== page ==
FPGA CPU News of July 2002


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Wednesday, July 31, 2002
It's good to be back. Over the next few days we'll be catching up on our news backlog.

John Cocke
[07/16/02] John Cocke, the father of RISC computing, died. Obituaries: IBM Research; New York Times; The Guardian.

John Cocke and Victoria Markstein, IBM J. R&D., 1990: The Evolution of RISC Technology at IBM.

Bruce Shriver, IEEE Computer (1999): Just Curious: An Interview with John Cocke.

Xilinx embedded FPGA cores for IBM Blue Logic
[06/24/02] Xilinx: Announcement. Press Release. FAQ. White paper.

IBM: Cu-08 (cool: must read); Embedded FPGA cores:

"ASIC Equivalent Gates Size Total I/O
10k 3 mm² 384 (192 inputs/192 outputs)
20k 5 mm² 512 (256 inputs/256 outputs)
40k 7 mm² 640 (320 inputs/320 outputs)"

Xilinx announces they have developed and licensed an embedded FPGA core technology to IBM for its Blue Logic ASIC customers. Beginning in a year or so, these customers will have the opportunity to design in one or more 10K, 20K, or 40K "marketing gate" embedded Xilinx programmable logic array cores.

Anthony Cataldo, EE Times: Hybrid architecture embeds Xilinx FPGA core ....
Gale Morrison, Electronic News: Xilinx, IBM Tie The Knot.
Crista Souza, EBN: IBM and Xilinx advance ASIC design.
Murray Disman, ChipCenter: IBM to Embed Xilinx FPGAs in ASICs.
Flashback: Peter Clarke, EE Times (2001): Xilinx, ASIC vendors talk licensing.

Details are sketchy, but here's my (non-ASIC-designer) take on all of this.

Back at DesignCon'01 there was an interesting panel (see Cary Snyder's report) on the coming hybridization of fixed and programmable logic platforms. Today 'ASICs is ASICs' and 'FPGAs is FPGAs' and never (rarely) the twain shall meet. ASICs have compelling advantages in size, speed, power, and cost, particularly for high volume customers. FPGAs have compelling advantages in flexibility, upgradability, and time to market, and low NRE costs. Some FPGA based designs might as well be half fixed logic. Some ASIC designs desparately need a little programmable logic to accomodate new interfaces, emerging standards, and to target new markets.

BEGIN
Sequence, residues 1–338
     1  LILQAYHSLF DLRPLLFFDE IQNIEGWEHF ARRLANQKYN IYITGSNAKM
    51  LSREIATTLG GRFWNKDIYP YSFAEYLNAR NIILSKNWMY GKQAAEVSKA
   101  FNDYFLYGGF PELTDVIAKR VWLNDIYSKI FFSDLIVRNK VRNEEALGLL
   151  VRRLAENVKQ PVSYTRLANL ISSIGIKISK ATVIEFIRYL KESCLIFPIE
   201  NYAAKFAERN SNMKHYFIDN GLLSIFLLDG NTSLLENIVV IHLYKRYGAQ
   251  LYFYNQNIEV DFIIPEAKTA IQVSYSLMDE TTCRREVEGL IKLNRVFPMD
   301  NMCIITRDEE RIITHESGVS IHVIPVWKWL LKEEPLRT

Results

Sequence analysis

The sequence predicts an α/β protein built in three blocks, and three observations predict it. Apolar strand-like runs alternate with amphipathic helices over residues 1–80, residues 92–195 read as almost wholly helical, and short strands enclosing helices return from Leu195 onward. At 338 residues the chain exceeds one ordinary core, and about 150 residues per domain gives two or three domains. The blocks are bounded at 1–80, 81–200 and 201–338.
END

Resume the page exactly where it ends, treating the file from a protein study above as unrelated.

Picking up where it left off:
With fine geometry mask set costs reportedly in the million dollar neighbourhood, it is very expensive to make changes to ASICs, or to offer a product line spectrum of more specialized devices. And there is sometimes little opportunity for ASIC/ASSP customers to differentiate their products against other vendors who also use the same ASIC/ASSP. So ASIC fab customers don't order as many, and as many variants, of ASICs as they might otherwise do. By adding some programmable logic to their portfolio of Blue Logic cores, I surmise IBM Microelectronics hopes to make/keep their ASIC platform offerings more cost-effectively-exploitable in more circumstances.

Xilinx is now targeting both ends of the hybrid fixed + programmable logic spectrum. First, with Virtex-II Pro's IP Immersion, embedding hard cores in an FPGA fabric. And now, embedding FPGA fabric(s) in predominantly fixed logic ASIC designs.

Upside for Xilinx: a toe in the water of the embedded FPGA space. It seems to me that if any threats to their programmable logic franchise should arise from eFPGA competitors, they can then respond from a position of strength and experience.